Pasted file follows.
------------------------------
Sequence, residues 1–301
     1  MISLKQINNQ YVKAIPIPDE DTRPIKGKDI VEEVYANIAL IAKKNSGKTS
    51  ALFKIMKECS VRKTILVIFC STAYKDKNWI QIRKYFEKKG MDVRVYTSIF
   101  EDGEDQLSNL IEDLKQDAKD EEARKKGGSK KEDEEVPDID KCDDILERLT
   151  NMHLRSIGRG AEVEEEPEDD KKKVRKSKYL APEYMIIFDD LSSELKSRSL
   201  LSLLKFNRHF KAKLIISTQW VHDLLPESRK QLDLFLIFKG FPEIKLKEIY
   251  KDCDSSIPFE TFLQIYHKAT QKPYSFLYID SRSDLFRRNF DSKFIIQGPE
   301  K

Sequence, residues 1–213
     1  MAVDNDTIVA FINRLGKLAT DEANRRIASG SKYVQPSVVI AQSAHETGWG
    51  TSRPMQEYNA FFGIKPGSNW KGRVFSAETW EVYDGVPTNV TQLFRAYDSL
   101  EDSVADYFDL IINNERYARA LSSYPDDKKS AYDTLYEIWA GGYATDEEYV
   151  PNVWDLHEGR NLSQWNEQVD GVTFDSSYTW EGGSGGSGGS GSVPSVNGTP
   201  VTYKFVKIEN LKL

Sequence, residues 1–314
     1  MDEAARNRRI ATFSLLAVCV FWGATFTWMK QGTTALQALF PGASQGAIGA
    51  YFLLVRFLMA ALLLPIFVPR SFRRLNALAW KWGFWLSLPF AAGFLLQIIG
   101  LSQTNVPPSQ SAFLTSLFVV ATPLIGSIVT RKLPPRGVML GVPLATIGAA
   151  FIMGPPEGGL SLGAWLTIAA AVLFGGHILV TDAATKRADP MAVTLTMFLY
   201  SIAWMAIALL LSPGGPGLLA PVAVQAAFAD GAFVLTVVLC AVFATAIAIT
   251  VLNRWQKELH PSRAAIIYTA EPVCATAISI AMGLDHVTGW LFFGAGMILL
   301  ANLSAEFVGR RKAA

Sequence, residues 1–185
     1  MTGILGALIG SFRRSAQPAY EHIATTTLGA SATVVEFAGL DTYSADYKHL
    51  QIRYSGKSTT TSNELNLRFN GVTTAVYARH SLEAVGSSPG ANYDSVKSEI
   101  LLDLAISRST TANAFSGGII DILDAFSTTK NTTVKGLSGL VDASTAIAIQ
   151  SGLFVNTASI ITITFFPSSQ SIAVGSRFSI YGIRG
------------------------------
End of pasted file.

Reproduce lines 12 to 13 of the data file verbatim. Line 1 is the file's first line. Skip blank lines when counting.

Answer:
   101  EDSVADYFDL IINNERYARA LSSYPDDKKS AYDTLYEIWA GGYATDEEYV
   151  PNVWDLHEGR NLSQWNEQVD GVTFDSSYTW EGGSGGSGGS GSVPSVNGTP